A decade later, Vincent Gaddis' "The Deadly Bermuda Triangle" saw print in the February, 1964, edition of Argosy, which further expanded on the pattern and causes of these disappearances. Said Gaddis, “The Bermuda Triangle underlines the fact that despite swift wings and the voice of radio, we still have a world large enough so that men and their machines and ships can disappear without a trace.” And though Gaddis would later publish his theories in a book, Invisible Horizons (1969), the Bermuda Triangle didn't really strike a chord with the masses until Charles Berlitz came along.
As the legend goes, gonzo author and noted linguist Charles Berlitz first became interested in the Triangle phenomenon at a travel agency in the late 1960s, when he became intrigued by several customers who adamantly refused any mode of travel through the dreaded area. That, however, was not quite true.
Born in New York City in 1913, Berlitz, fluent in four languages before the age of three, after graduating magna cum laude at Yale, where he pushed that number of languages to over 32, got into the family business, teaching at the famed Berlitz School of Languages, which was founded by his grandfather, Maximilian, in 1878.
With America's entry into World War II, Berlitz enlisted and found his way into the Army's Counter-Intelligence Corps. Once the war ended, Berlitz stayed in the military for nearly 13-years as a reservist. He also returned to teaching, eventually taking over the stewardship of several branches of the Berlitz school, where he pioneered the use of records and tapes in learning a second (or third or fourth or 33rd) language, and then took over Berlitz Publications until it was sold to a rival publishing house in 1967.
From there, Berlitz abandoned linguistics and went full bore into the world of ancient civilizations, underwater archeology and the paranormal; more specifically, locating and proving the existence of the lost continent of Atlantis, and later, getting to the bottom of the deadly occurrences inside the Bermuda Triangle.
As a child, the author was fascinated by ancient languages, particularly hieroglyphics, which fueled a lifelong obsession to “learn something about the origin of languages.” A firm believer in Ancient Astronauts and alien visitations since the dawn of man, Berlitz's first two books, The Mystery of Atlantis (1969) and Mysteries from Forgotten Worlds (1972), delved into these theories and the possible effect and influences these *ahem* ‘visitors’ had on some of these infamous "lost civilizations,” echoing the work of Erich von Däniken's Chariots of the Gods? (1968).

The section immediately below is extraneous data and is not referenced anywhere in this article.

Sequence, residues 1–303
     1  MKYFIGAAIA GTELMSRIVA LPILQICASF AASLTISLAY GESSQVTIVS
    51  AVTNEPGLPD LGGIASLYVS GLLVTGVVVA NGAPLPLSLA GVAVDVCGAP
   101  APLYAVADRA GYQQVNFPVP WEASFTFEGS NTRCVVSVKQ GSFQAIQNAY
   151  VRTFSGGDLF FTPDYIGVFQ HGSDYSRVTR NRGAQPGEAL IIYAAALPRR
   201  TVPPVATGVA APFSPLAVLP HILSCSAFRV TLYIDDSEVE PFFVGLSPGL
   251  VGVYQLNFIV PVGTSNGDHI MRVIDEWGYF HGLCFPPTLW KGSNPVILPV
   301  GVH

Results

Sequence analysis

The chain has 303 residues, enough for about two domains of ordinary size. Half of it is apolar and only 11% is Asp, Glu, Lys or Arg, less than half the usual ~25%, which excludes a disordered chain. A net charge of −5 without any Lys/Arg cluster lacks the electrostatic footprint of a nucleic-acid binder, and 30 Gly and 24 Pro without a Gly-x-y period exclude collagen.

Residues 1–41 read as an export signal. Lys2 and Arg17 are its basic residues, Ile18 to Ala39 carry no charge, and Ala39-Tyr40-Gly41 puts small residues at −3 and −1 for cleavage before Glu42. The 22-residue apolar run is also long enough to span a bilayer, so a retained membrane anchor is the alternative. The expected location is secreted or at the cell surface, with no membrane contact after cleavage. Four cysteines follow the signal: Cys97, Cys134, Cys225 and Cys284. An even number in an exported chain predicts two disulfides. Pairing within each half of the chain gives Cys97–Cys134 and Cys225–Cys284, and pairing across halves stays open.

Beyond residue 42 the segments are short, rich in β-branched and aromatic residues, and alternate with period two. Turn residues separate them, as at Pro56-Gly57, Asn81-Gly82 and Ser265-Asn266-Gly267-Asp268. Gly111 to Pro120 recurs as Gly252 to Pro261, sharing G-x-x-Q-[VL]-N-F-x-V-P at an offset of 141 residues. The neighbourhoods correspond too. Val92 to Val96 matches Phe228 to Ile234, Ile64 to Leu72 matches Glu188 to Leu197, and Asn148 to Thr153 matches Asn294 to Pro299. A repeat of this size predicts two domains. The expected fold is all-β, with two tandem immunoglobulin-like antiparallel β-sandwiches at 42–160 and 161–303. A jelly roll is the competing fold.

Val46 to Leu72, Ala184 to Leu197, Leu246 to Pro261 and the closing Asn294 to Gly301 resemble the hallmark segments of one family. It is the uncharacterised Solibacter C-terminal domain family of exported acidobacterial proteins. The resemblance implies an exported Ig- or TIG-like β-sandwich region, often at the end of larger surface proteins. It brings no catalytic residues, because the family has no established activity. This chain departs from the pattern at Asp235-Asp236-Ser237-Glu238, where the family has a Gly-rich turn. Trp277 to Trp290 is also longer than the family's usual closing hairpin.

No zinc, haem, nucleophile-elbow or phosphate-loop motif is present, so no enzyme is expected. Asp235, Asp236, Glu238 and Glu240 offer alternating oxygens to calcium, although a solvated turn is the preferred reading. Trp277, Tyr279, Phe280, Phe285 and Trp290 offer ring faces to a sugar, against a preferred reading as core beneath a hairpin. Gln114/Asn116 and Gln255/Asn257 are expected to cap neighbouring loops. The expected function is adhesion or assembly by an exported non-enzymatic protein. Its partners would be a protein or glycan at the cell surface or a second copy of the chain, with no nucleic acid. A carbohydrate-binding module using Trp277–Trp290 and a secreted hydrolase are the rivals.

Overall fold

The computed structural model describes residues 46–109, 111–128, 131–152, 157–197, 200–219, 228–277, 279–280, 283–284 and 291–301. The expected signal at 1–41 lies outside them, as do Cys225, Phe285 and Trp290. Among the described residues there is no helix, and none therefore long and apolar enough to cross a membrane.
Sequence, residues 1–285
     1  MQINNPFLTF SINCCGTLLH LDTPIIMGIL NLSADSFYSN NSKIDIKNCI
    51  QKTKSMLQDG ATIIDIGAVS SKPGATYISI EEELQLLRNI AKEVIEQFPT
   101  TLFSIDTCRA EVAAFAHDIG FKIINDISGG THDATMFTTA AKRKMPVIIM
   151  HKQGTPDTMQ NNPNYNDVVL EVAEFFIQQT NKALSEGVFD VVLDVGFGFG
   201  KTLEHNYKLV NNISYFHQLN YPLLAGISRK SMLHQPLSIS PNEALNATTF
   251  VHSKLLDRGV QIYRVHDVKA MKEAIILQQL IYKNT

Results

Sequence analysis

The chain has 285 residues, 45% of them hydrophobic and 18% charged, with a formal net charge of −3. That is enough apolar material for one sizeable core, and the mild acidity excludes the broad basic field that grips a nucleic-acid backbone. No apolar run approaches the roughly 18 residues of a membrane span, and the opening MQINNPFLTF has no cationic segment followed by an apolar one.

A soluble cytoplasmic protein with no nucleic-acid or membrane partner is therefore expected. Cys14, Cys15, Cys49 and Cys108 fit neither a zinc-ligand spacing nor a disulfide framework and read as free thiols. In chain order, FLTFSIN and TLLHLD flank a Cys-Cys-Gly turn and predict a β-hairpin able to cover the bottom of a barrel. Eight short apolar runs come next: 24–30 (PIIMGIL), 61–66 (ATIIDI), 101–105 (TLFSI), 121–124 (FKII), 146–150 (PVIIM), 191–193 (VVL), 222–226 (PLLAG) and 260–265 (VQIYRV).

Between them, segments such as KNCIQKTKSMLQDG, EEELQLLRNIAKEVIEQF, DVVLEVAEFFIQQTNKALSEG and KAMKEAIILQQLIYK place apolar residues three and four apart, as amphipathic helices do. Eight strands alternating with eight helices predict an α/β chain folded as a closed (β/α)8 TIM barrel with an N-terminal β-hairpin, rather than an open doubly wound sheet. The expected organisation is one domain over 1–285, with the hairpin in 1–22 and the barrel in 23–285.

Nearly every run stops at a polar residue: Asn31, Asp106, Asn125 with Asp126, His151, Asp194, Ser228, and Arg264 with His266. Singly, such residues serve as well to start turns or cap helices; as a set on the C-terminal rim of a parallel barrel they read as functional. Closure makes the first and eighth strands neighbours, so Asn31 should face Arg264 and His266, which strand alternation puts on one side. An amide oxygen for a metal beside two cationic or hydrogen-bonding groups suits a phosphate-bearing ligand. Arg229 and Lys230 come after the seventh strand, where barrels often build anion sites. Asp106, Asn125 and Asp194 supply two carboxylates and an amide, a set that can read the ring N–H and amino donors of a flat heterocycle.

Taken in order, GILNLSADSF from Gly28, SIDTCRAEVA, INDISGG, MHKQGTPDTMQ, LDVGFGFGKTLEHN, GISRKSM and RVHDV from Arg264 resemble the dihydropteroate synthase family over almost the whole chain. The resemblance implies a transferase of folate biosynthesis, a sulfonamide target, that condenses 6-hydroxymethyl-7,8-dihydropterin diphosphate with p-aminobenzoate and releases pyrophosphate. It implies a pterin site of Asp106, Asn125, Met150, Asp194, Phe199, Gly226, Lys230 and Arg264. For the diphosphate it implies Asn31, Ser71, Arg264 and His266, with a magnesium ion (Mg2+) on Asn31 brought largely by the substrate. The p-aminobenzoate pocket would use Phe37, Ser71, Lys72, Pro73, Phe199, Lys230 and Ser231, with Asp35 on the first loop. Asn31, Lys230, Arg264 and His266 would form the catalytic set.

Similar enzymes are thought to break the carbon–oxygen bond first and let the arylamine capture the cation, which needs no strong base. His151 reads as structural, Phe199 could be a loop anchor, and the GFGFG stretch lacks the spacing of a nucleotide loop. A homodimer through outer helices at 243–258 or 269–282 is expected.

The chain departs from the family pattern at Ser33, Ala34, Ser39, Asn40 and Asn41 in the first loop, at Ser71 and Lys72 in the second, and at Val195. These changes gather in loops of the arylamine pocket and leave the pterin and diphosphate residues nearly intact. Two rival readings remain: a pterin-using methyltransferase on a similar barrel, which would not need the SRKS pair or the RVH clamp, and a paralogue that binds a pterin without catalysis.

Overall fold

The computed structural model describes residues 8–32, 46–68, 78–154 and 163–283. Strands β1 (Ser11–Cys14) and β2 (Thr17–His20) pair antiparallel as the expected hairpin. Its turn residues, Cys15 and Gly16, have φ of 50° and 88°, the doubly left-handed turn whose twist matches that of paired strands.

From Roy Stemman’s Visitors from Outer Space (1976). Illustration by Chris Foss.
“If planes, ships and people are being kidnapped, especially from the Bermuda Triangle, by UFOs or by other means, an important factor of any investigation should be the consideration of a possible reason or reasons,” postulated Berlitz. “Some researchers have suggested that intelligent entities, light-years scientifically advanced over the comparatively primitive peoples of Earth, have been engaged throughout the centuries in observing our progress and will eventually intervene to prevent us from destroying our own planet.
“On the other hand,” Berlitz continues, “it may be that there exists, in the vicinity of the Bermuda Triangle and certain other nodal locations of electromagnetic gravitational currents, a door or window to another dimension in time or space through which scientifically sophisticated extraterrestrials can penetrate at will but which, when encountered by humans, would represent a one-way street from which return would be barred by alien force. Many of the disappearances, especially those involving entire crews of ships, suggest raiding expeditions, ranging from collecting human beings for space zoos, exhibits of different eras in planetary development or for experimentation.”
Around this time Berlitz also had his alleged encounter at the unknown travel agency, which determined the topic of his next book. But most of this interest, however, seems to stem from his time as a reservist, where he served as an investigative officer for the Army Air-Corps when Flight-19 disappeared. And after compiling all of his research, Berlitz believed that "the people and planes and ships that have reportedly disappeared in the Bermuda Triangle have been victims of some sort of electromagnetic disturbances that cause them to disintegrate and fall into the sea."
And his speculative exposé on this and other theories, The Bermuda Triangle (1974), sold more than 14-million copies worldwide, feeding the voracious appetite of the crypto-addled public of the 1970s, who had gone completely bonkers over UFOs, Bigfoot, ghosts, and psychic whammies, and almost single-handedly made the notorious area of water a household name and caused a massive dip in Bermuda's tourist trade.
“This area -- referred to as the Bermuda Triangle -- occupies a disturbing and almost unbelievable place in the world’s catalogue of unexplained mysteries,” declared Berlitz in the opening salvo of his book. “It is here that more than 100 planes and ships have vanished into thin air, most of them since 1945, and where more than 1000 lives have been lost in the past 26 years, without a single body or even a piece of wreckage from the vanishing planes or ships having been found … In no area outside the Bermuda Triangle have the unexplained disappearances been so numerous, so well-recorded, so sudden, and attended by such unusual circumstances, some of which push the element of coincidence to the borders of impossibility.”